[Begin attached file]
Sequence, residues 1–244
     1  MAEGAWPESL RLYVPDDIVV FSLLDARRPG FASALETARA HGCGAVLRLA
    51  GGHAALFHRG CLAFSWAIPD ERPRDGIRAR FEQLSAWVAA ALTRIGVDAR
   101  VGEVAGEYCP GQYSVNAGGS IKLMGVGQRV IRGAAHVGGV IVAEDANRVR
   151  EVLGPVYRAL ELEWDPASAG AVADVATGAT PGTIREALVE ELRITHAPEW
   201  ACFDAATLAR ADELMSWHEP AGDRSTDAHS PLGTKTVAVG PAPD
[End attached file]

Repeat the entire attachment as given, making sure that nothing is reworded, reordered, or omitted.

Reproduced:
Sequence, residues 1–244
     1  MAEGAWPESL RLYVPDDIVV FSLLDARRPG FASALETARA HGCGAVLRLA
    51  GGHAALFHRG CLAFSWAIPD ERPRDGIRAR FEQLSAWVAA ALTRIGVDAR
   101  VGEVAGEYCP GQYSVNAGGS IKLMGVGQRV IRGAAHVGGV IVAEDANRVR
   151  EVLGPVYRAL ELEWDPASAG AVADVATGAT PGTIREALVE ELRITHAPEW
   201  ACFDAATLAR ADELMSWHEP AGDRSTDAHS PLGTKTVAVG PAPD